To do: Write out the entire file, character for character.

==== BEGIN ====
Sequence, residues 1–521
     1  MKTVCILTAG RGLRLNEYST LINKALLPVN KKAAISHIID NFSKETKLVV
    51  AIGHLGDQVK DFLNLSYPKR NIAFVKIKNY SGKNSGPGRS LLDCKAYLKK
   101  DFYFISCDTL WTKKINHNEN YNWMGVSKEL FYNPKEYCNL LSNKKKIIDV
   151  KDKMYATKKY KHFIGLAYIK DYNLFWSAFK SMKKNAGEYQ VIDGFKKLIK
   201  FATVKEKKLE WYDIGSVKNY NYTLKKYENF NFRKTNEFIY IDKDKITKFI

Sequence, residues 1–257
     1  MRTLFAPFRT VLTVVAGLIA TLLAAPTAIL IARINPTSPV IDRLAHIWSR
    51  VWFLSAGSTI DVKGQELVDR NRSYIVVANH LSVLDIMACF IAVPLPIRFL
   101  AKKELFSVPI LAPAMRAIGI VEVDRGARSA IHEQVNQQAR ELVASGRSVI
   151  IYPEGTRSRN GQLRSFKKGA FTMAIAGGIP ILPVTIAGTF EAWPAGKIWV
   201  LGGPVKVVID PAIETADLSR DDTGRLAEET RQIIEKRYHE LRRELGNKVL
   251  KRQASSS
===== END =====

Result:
Sequence, residues 1–521
     1  MKTVCILTAG RGLRLNEYST LINKALLPVN KKAAISHIID NFSKETKLVV
    51  AIGHLGDQVK DFLNLSYPKR NIAFVKIKNY SGKNSGPGRS LLDCKAYLKK
   101  DFYFISCDTL WTKKINHNEN YNWMGVSKEL FYNPKEYCNL LSNKKKIIDV
   151  KDKMYATKKY KHFIGLAYIK DYNLFWSAFK SMKKNAGEYQ VIDGFKKLIK
   201  FATVKEKKLE WYDIGSVKNY NYTLKKYENF NFRKTNEFIY IDKDKITKFI

Sequence, residues 1–257
     1  MRTLFAPFRT VLTVVAGLIA TLLAAPTAIL IARINPTSPV IDRLAHIWSR
    51  VWFLSAGSTI DVKGQELVDR NRSYIVVANH LSVLDIMACF IAVPLPIRFL
   101  AKKELFSVPI LAPAMRAIGI VEVDRGARSA IHEQVNQQAR ELVASGRSVI
   151  IYPEGTRSRN GQLRSFKKGA FTMAIAGGIP ILPVTIAGTF EAWPAGKIWV
   201  LGGPVKVVID PAIETADLSR DDTGRLAEET RQIIEKRYHE LRRELGNKVL
   251  KRQASSS